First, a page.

MINNEAPOLIS (WCCO) — On Monday at noon, both houses of the Minnesota Legislature convene for a second summer special session.
Among the unfinished business includes police reform; a billion-plus infrastructure, jobs and bonding bill; help for riot-torn Minneapolis and St. Paul, and more.READ MORE: ‘Our Business is Down Over 50%’: Deadly St. Paul Bar Shooting Impacts Surrounding Businesses
With the pressure building, it’s not clear if an agreement can be reached at all. The problem issues have not only not gone away, but have only gotten more complicated.
It was a week after the regular session ended that George Floyd was killed, moving police reform front and center onto the agenda. While the Democratically-controlled House is still demanding sweeping reforms, Republicans are supporting far more limited changes.
Both parties do agree on general wording when it comes to banning chokeholds and a duty of officers to intervene, but not on potential penalties and implementation.
READ MORE: None Hurt After Shots Fired Inside Plymouth Movie Theater
Police reform has become politically linked to the $1.35 billion infrastructure, jobs and bonding bill — a bill that requires a supermajority or 3/5 of both houses to pass. And the Republicans minority in the house is linking the bonding bill to Gov. Tim Walz backing off his special emergency COVID-19 powers.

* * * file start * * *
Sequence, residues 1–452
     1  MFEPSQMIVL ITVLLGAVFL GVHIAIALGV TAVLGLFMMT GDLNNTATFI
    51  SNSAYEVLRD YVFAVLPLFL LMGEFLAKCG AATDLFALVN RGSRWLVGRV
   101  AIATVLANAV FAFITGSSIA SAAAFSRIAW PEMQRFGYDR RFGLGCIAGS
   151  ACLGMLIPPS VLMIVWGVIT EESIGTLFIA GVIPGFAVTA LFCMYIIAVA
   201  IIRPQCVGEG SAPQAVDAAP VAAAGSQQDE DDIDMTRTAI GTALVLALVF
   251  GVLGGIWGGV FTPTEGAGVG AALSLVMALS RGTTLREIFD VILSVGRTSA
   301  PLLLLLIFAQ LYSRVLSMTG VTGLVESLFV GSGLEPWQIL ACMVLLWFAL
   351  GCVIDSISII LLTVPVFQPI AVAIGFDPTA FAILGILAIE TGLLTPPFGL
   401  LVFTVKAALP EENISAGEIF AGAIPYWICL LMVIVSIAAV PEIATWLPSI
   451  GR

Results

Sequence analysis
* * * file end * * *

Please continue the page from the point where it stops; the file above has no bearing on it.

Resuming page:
It’s a delicate house of cards, and if there isn’t an agreement on everything, it looks like there won’t be an agreement on anything.
Gov. Walz was a guest on WCCO Sunday Morning, where he said there has been progress in negotiations in the past few days.
“I don’t want to speak out of turn,” Walz said. “I am confident that I am going to get some reforms. I am also confident they are not going to be as much as we need to, but that is somewhat the nature of this thing.”MORE NEWS: In Wake Of Winston Smith Shooting, U.S. Marshals Now Wearing Body Cameras In Minnesota
While the governor is not up for reelection, all 201 members of the legislature are. That puts additional pressures on them in this very volatile and unpredictable election year.